Saul's Damascus Road Experience
This study of parallel passages in Acts 9 and Acts 22 (Damascus Road experience of Saul of Tarsus) is in Two Parts as follows:
The Pharisee, Saul of Tarsus, was a persistent enemy and persecutor of the Christian church in the early days, after it was founded in Jerusalem by the Holy Spirit.
The account of Saul's Damascus road experience is given in two separate passages in the Book of Acts -- Acts 9.3-9 and Acts 22.6-11.
The following is an interweave of the two accounts, so that you can witness their consistency and cohesiveness for yourself.
The portions from Acts 9 are this color.
9.3 As he (Saul) journeyed
he came near Damascus, and suddenly a light shone around him from heaven.
9.5 And he (Saul) said, "Who
are You, Lord?" Then the Lord said, "I am Jesus, whom you are persecuting. It is hard for you to kick
against the goads."
22.9 (Saul said...) "And those who were with me indeed saw the light and were afraid, but they did not hear the voice of Him who spoke to me."
9.6 So he (Saul), trembling
and astonished, said, "Lord, what do You want me to do?" Then the Lord said to him, "Arise and go
into the city, and you will be told what you must do."
9.7 And the men who journeyed with him (Saul) stood speechless, hearing a voice (the men heard a voice, but may not actually have discerned the words spoken by Jesus in verse 6) but seeing no one.
9.8 Then Saul arose from the ground, and when his
eyes were opened he saw no one. But they led him by the hand and brought him into Damascus.
|Based on the above interweave, we can omit overlapping passages so as to POSTULATE a harmonious account of Paul's Damascus Road experience as follows...|
(Saul said...) Now it happened, as I journeyed and came near Damascus at about noon, suddenly a great light from heaven shone around me. I fell to the ground and heard a voice saying to me, "Saul, Saul, why are you persecuting Me?"
And I said, "Who are You, Lord?"
Then the Lord said, "I am Jesus, whom you are persecuting. It is hard for you to kick against the goads."
Those who were with me indeed saw the light and were afraid, but they did not hear the voice of Him who spoke to me.
So I said, "What shall I do, Lord?" And the Lord said to me, "Arise and go into Damascus, and there you will be told all things which are appointed for you to do."
The men who journeyed with me stood speechless, hearing a voice but seeing no one. Then I arose from the ground, and when my eyes were opened I saw no one.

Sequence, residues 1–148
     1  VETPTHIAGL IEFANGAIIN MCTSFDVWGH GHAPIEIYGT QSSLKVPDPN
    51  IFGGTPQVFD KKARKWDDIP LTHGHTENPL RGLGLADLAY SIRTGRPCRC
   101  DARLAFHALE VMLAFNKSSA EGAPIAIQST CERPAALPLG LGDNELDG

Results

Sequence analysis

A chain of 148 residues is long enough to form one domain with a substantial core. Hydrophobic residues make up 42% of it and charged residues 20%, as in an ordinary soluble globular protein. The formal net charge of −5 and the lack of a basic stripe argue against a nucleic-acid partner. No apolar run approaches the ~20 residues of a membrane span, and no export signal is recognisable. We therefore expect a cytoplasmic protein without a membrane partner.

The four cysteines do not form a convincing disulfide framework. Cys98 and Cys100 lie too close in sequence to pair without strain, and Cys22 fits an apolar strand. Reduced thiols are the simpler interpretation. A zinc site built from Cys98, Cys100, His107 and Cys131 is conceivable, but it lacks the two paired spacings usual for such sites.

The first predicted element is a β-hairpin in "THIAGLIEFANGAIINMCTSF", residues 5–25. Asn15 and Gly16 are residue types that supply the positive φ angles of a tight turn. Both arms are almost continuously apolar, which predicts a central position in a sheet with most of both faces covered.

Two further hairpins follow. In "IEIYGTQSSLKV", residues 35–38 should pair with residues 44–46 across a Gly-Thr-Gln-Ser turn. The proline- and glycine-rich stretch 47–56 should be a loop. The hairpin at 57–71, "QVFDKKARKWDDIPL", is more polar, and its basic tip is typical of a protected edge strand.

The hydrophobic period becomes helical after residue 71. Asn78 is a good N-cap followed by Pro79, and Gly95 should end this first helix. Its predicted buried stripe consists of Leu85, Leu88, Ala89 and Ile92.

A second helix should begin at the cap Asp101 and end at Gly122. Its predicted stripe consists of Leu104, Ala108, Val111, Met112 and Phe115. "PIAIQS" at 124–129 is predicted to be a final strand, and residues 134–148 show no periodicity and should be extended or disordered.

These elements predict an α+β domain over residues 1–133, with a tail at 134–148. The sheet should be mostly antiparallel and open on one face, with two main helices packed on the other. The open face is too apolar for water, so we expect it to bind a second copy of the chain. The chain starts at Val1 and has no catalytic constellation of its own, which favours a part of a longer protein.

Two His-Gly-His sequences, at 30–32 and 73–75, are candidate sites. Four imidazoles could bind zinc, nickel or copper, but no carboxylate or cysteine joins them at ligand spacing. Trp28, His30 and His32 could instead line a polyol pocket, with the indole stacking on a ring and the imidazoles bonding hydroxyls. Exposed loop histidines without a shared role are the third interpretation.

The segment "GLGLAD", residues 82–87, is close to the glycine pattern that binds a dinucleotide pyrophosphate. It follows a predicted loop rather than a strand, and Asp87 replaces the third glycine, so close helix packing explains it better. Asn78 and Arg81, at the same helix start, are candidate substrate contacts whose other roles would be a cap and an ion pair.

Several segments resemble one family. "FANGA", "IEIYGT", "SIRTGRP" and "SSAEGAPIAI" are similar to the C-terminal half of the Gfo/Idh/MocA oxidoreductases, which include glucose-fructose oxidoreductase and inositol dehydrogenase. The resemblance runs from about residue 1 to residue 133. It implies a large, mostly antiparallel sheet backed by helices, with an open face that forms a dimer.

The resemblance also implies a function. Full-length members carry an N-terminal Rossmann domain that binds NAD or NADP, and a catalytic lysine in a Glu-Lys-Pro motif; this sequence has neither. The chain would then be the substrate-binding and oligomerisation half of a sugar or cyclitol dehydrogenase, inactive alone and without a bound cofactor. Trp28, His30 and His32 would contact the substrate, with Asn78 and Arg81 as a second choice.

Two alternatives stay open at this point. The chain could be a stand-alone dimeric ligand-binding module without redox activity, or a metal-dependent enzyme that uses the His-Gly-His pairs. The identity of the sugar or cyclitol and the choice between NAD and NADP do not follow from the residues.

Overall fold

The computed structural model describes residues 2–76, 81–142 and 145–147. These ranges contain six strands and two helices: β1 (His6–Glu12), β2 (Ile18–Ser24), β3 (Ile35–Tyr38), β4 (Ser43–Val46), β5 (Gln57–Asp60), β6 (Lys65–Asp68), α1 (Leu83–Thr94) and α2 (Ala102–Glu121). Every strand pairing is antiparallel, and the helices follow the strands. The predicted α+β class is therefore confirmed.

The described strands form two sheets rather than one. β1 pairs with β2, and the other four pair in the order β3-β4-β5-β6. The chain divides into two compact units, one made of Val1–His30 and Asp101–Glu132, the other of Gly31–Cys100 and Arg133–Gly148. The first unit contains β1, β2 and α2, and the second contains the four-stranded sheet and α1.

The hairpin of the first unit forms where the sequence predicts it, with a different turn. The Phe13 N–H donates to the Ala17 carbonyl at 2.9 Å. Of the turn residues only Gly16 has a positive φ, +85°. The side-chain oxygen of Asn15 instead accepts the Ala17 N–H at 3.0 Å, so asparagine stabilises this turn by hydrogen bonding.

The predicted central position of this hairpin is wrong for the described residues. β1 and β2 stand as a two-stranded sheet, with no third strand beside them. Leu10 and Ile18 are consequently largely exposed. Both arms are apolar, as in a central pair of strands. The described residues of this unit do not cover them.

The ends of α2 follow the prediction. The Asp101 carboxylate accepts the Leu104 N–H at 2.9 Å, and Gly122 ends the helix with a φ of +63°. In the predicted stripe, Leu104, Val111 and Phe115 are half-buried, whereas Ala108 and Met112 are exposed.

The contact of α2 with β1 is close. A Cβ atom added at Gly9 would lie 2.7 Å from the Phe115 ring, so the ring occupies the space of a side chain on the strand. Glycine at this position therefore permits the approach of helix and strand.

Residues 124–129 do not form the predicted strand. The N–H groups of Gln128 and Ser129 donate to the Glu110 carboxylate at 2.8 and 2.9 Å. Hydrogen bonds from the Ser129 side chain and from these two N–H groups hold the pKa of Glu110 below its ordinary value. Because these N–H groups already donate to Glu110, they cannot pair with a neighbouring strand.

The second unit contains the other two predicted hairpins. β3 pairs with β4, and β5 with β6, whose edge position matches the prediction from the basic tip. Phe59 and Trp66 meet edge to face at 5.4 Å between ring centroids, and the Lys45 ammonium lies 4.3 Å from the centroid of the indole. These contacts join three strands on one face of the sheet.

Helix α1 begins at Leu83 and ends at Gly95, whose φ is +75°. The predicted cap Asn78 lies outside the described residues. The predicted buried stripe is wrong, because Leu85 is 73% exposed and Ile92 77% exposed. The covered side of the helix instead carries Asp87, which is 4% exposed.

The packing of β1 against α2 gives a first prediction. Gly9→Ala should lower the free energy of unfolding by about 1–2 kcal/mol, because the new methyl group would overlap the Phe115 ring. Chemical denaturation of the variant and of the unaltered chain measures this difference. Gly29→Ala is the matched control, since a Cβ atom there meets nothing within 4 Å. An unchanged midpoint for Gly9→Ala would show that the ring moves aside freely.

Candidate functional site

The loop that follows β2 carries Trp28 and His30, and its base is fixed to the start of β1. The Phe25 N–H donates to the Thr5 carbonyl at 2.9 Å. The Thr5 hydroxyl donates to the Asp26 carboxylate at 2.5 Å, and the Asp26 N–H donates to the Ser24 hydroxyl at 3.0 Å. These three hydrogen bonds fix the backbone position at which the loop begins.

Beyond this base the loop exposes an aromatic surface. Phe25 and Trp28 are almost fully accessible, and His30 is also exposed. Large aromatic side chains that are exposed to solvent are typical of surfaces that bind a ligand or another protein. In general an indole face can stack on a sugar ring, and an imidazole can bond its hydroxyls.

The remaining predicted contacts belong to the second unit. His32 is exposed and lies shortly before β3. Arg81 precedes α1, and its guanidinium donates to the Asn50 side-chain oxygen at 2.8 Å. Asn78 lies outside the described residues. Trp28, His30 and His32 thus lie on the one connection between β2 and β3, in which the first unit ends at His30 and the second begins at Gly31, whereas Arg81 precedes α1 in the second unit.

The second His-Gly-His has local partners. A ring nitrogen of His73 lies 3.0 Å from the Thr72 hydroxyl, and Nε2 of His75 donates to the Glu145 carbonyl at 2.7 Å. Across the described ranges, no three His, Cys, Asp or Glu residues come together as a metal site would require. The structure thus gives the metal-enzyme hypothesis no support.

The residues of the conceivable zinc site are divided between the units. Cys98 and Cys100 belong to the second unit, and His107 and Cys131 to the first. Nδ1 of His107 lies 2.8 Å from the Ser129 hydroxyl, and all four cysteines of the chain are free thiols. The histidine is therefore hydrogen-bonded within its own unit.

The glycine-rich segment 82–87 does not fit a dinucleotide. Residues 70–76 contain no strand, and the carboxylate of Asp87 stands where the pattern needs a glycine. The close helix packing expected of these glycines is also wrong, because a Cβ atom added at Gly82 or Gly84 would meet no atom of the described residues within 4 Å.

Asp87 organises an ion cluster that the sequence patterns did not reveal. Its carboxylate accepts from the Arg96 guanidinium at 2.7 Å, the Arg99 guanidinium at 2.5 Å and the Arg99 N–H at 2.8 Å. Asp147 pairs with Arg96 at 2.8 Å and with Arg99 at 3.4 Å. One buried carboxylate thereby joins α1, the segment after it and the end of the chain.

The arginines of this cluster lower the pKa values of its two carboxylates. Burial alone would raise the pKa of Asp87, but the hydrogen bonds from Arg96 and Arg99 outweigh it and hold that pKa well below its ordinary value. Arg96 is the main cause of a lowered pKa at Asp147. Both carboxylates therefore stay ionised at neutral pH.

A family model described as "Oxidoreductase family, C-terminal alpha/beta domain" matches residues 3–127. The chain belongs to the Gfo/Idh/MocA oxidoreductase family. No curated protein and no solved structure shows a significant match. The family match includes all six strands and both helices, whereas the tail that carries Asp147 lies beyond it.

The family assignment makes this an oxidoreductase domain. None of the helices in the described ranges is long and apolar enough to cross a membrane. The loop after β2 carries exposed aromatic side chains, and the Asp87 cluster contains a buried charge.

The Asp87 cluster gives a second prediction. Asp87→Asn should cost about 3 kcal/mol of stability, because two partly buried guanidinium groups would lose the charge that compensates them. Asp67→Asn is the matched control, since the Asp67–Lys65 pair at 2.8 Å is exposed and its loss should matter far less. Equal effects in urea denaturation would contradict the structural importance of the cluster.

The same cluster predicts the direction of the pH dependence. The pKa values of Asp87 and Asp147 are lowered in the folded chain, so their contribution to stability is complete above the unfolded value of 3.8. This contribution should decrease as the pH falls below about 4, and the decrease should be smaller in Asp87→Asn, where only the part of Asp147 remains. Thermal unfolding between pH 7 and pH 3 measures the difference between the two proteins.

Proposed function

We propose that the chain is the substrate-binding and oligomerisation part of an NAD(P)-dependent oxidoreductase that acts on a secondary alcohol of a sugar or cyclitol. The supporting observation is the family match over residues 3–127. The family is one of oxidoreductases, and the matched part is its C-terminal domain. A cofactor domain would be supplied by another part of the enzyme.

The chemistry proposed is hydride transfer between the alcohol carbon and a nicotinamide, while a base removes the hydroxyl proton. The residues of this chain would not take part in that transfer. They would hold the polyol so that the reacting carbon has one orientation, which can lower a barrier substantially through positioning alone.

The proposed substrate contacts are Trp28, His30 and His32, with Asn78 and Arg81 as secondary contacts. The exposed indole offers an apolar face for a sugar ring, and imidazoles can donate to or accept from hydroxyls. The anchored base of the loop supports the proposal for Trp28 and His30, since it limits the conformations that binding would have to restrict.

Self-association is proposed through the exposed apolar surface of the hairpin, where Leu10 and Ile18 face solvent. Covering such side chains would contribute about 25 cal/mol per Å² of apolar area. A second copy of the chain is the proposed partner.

And since I could not see for the glory of that light, being led by the hand of those who were with me, I came into Damascus.
|A visitor sent Biblebell a message with an alternative explanation
of the apparent conflict between Acts 9.7 and Acts 22.9. In the two panels below, we have...
Panel #1 - The two verses are quoted, with transliterated Greek shown between brackets <like this>.
Panel #2 - The visitor's comments on these two verses
|Panel #1 - Acts 9.7 & 22.9
And <de> the men <aner> which <ho> journeyed <sunodeuo> with him <autos> stood <histemi> speechless <enneos>, hearing <akouo> <men> a voice <phone>, but <de> seeing <theoreo> no man <medeis>. Acts 9.7
And <de> they that were <on> with <sun> me <emoi> saw <theaomai> indeed <men> the light <phos>, and <kai> were <ginomai> afraid <emphobos>; but <de> they heard <akouo> not <ou> the voice <phone> of him that spake <laleo> to me <moi>. Acts 22.9
|Panel #2 - Visitor's Comments, February 2002
In the Greek some verbs take their object in other than the accusative case.
AKOUO ("to hear") in these two passages can take its object in the accusative & in the genitive cases.
Usually AKOUO with the genitive case (as in Acts 9.7) means to hear without understanding. It's not saying that anything intelligible was said, just that some sound/utterance was heard.
However, AKOUO with the accusative case (as in Acts 22.9) means to hear with understanding -- to hear intelligible sounds.
Hence most likely what Luke is saying in Acts 9.7 is that Saul's companions heard the sound, while in Acts 22.9 Saul is saying that his companions didn't understand what was said.
Obviously, it doesn't make sense that Luke would write something in Acts 22.9 that contradicted what he'd just said earlier in his letter. The distinctions listed above regarding AKOUO & how it takes its objects are not 100% consistent, but it makes sense in this case.
If Saul's companions heard a sound that was unintelligible, then it makes sense to use AKOUO with the genitive so as to communicate that a sound was heard, though not understood.